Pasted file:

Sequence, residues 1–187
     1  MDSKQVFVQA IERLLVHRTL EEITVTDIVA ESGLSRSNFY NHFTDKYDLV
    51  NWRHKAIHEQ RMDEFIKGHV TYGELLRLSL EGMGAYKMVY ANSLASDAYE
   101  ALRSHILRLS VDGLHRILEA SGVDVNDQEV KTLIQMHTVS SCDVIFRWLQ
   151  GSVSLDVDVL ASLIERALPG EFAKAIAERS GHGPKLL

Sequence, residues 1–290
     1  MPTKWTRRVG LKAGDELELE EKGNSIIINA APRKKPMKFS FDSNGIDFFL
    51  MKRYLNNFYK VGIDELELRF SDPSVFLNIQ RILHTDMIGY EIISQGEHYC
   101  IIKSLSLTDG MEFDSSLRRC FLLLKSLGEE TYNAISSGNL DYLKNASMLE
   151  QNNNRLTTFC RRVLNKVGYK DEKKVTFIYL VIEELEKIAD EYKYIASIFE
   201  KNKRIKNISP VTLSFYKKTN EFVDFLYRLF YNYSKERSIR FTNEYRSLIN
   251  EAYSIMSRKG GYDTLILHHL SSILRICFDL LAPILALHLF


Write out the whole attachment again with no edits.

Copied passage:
Sequence, residues 1–187
     1  MDSKQVFVQA IERLLVHRTL EEITVTDIVA ESGLSRSNFY NHFTDKYDLV
    51  NWRHKAIHEQ RMDEFIKGHV TYGELLRLSL EGMGAYKMVY ANSLASDAYE
   101  ALRSHILRLS VDGLHRILEA SGVDVNDQEV KTLIQMHTVS SCDVIFRWLQ
   151  GSVSLDVDVL ASLIERALPG EFAKAIAERS GHGPKLL

Sequence, residues 1–290
     1  MPTKWTRRVG LKAGDELELE EKGNSIIINA APRKKPMKFS FDSNGIDFFL
    51  MKRYLNNFYK VGIDELELRF SDPSVFLNIQ RILHTDMIGY EIISQGEHYC
   101  IIKSLSLTDG MEFDSSLRRC FLLLKSLGEE TYNAISSGNL DYLKNASMLE
   151  QNNNRLTTFC RRVLNKVGYK DEKKVTFIYL VIEELEKIAD EYKYIASIFE
   201  KNKRIKNISP VTLSFYKKTN EFVDFLYRLF YNYSKERSIR FTNEYRSLIN
   251  EAYSIMSRKG GYDTLILHHL SSILRICFDL LAPILALHLF